Congratulations! It's Twins!
This blog has been arguing that the twin offspring of the union of the virtual state and the advertising industry -- "public diplomacy" and "social marketing" -- are worth paying attention to from the perspective of civic rhetoric. No doubt these niche specialties can serve noble ends. On its face, public diplomacy aims to diffuse political violence and prevent war, and social marketing encourages citizens to take individual responsibility for complex public health issues, even at the expense of instant gratification, to achieve long term collective goals. Academic centers and professional research organizations in traditional institutions of knowledge reflect the rising profile of intellectual influence from these two fields.
Nonetheless, stories like "Republican Strategist is Taking Heat for Taking Mexico as a Client" in the New York Times and "Fox Turns to Texas PR Firm to Shape Mexico's Image in U.S." in the Los Angeles Times have publicized how these efforts now reflect increasing globalization, because transnational corporations are specializing in the crafting of public campaigns that nourish the spawn of what I still consider to be the unnatural alliance of media-savvy digital government and psy-ops from Madison Avenue.
One of this month's controversies focuses on how Texas-based Allyn and Company, part of worldwide PR giant Omnicom, helped Vicente Fox win his campaign for the Mexican presidency and subsequently received a contract from PAN leadership to fund positive marketing on behalf of cross-border migration to counteract opposing efforts for Congressional legislation that would tighten labor regulations and build a southern border fence that would replace the current porous network of checkpoints.
Although the homepage of Allyn and Company separates their major client categories ("International," "Political," and "Issues"), the actual Allyn and Company product lines show the interdependent ideologies of foreign and domestic marketing agendas. The website showcases political advertising campaigns in Haiti, Indonesia, and Mexico that imitate similar appeals to voters in Texas. In their press room, Allyn even boasts of being on-hand when cabinets of foreign governments are chosen using personnel techniques from the corporate sector of the U.S.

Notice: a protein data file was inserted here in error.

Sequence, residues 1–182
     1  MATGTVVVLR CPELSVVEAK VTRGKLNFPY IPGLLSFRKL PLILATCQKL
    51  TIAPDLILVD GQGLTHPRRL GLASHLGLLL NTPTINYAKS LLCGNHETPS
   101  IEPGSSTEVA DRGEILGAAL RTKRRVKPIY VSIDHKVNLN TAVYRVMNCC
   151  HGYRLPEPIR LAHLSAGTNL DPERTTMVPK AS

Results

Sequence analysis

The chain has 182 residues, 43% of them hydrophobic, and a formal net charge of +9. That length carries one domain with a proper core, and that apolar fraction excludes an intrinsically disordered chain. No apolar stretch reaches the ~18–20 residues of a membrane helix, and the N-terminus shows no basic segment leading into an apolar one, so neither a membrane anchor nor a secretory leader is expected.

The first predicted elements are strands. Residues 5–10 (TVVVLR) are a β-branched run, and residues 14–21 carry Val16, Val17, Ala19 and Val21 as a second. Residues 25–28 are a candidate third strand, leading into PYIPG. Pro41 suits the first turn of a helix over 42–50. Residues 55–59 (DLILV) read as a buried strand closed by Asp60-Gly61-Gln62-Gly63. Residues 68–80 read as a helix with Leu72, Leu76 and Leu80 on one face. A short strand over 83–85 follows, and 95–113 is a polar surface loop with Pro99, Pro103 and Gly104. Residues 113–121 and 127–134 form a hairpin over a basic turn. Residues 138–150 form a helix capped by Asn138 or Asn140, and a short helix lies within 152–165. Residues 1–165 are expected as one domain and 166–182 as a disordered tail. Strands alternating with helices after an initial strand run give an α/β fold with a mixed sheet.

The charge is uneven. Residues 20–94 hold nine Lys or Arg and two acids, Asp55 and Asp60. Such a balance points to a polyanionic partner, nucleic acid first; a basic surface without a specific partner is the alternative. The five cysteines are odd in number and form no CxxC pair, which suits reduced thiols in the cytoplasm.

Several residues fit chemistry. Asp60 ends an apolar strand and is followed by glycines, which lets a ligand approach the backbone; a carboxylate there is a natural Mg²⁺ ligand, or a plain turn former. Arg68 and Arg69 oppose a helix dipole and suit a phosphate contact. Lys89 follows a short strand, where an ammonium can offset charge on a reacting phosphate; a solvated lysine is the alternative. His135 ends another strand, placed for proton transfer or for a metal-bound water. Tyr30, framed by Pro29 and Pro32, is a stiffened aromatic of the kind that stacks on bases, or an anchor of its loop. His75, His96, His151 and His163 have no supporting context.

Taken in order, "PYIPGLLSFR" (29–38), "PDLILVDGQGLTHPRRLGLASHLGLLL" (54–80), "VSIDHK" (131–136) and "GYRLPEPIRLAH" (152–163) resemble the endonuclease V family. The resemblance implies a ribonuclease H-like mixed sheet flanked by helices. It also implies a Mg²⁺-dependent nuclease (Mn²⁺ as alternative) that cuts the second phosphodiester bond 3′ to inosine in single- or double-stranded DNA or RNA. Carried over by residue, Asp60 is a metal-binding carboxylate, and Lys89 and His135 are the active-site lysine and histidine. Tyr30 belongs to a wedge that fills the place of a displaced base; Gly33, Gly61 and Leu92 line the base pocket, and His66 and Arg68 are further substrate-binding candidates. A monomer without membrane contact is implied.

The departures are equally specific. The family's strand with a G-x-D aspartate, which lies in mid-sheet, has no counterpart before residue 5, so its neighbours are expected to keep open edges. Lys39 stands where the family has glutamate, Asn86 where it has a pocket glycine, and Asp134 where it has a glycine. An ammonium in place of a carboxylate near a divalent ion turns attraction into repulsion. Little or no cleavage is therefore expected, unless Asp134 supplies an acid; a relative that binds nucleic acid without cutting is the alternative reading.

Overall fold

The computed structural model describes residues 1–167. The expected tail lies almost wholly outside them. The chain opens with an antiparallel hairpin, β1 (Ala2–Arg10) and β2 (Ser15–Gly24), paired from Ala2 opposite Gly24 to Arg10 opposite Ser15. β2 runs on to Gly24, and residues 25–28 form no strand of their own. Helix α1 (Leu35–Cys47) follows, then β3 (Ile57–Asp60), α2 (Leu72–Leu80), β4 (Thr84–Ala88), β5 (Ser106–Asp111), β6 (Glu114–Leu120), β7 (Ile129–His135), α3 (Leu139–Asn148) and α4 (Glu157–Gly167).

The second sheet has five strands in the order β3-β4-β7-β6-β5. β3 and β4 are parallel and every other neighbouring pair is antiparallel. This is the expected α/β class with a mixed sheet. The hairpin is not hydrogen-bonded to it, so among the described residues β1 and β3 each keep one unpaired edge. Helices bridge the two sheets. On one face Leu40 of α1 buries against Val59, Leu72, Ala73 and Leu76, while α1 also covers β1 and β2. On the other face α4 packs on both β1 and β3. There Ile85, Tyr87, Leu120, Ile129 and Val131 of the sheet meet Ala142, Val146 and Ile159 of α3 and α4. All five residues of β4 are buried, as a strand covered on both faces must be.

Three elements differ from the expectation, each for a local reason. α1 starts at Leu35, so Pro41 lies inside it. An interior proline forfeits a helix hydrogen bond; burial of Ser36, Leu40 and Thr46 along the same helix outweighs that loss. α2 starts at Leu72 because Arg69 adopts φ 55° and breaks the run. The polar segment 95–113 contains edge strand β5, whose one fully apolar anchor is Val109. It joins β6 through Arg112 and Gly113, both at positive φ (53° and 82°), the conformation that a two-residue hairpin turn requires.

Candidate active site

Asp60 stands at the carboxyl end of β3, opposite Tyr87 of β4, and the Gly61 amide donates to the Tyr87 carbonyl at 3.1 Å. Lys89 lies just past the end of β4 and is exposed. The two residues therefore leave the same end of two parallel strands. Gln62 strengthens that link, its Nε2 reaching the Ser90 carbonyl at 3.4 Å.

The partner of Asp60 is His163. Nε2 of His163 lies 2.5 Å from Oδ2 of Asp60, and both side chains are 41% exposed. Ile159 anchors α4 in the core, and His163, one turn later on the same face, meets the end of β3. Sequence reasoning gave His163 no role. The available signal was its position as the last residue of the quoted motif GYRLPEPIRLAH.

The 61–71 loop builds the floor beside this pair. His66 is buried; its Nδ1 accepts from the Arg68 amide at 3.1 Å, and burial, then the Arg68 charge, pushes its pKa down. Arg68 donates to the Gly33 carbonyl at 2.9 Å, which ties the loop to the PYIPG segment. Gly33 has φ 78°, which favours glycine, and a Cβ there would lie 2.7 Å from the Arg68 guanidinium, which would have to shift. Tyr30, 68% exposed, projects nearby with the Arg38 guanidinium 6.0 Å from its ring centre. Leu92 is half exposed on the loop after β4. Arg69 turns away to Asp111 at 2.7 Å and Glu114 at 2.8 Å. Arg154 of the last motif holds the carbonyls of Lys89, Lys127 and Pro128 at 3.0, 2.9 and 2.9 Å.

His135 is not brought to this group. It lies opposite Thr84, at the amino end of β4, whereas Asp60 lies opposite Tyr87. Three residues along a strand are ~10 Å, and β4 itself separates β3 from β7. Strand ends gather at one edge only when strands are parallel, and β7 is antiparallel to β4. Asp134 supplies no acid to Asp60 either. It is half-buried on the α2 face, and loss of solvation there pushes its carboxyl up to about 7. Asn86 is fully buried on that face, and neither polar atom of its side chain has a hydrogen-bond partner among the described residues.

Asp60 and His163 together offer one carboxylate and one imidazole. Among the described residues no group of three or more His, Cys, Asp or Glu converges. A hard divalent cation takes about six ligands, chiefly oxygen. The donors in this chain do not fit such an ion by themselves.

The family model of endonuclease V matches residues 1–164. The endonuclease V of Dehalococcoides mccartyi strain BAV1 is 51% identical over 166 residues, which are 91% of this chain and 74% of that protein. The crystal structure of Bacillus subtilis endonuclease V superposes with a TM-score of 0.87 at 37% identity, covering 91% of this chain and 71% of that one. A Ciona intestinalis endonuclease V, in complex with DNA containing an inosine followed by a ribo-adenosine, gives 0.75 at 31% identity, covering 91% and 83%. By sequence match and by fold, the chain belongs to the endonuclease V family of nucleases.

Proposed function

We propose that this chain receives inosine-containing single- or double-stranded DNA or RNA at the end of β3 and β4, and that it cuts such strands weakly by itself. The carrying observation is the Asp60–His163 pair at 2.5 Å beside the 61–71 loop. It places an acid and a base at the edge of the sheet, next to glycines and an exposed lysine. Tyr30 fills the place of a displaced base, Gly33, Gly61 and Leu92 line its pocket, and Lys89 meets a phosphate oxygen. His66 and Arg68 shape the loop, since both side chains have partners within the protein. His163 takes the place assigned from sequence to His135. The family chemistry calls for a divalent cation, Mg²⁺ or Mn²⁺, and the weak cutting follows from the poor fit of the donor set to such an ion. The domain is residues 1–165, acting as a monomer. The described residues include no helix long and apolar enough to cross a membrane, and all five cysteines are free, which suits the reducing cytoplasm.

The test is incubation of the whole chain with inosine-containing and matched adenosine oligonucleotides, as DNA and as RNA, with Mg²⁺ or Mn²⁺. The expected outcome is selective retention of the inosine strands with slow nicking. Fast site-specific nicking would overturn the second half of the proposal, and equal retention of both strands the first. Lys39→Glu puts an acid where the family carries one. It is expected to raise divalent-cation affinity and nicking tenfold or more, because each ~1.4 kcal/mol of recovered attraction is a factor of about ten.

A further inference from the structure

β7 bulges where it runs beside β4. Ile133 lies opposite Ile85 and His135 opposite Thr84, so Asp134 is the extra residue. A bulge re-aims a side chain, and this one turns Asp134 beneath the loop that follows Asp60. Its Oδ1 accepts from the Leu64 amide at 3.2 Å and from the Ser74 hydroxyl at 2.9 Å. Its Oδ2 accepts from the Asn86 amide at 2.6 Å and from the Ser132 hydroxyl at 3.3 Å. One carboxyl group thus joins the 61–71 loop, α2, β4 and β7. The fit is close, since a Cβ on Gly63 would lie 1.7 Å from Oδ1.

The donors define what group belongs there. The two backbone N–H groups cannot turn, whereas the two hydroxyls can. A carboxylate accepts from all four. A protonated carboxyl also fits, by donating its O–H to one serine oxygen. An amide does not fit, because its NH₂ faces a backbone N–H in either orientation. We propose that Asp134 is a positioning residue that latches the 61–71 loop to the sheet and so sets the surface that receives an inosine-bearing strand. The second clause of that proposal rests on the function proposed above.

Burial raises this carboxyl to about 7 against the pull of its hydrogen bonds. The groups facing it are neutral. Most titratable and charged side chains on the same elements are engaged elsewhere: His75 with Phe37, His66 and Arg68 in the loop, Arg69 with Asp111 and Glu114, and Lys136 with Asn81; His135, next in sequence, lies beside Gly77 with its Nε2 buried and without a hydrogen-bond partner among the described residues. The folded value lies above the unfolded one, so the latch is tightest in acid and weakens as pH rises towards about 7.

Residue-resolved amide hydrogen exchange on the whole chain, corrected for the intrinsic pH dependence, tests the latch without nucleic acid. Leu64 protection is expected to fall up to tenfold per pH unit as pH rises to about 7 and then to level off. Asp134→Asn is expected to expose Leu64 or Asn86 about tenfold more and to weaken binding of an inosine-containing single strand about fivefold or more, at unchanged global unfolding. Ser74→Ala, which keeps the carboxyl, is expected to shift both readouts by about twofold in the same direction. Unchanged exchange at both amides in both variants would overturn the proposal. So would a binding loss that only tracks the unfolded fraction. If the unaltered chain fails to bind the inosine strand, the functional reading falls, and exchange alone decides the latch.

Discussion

Allyn also handles certain domestic issues about the regulation of private space related to social marketing, such as the building of smoke-free environments, and it even markets efforts to discourage obviously criminal acts like infanticide. For example, the "Baby Moses" spot opens with a desperate teen abandoning her baby in a dumpster. (See below. Click to enlarge.)
For those looking toward the geopolitical event horizon, Vox Global Mandate SM was recently launched by Omnicom member Fleishman-Hillard International Communications. Like other public diplomacy efforts, Vox Global plans to use techniques of subliminal persuasion, even though Vox Global is ostensibly aimed at shaping the "new global democracy," albeit one without the messy and unscripted communicative exchanges from the "vox populi" of a genuinely open public sphere.
Given the work of fellow Omicom agency Allyn for open borders, it is ironic that the domestic arm of Fleishman-Hillard Government is part of the brain trust behind the much lampooned PR for the Office of Homeland Security.
Even if one isn't directly in these target markets, the Internet allows critics to see the primary sources that serve as evidence of how these campaigns are orchestrated. Readers unfamiliar with Source Watch should also bookmark the innovative wiki from the Center for Media and Democracy, which does an excellent job of covering these rapidly morphing entities and pitches.
Labels: social marketing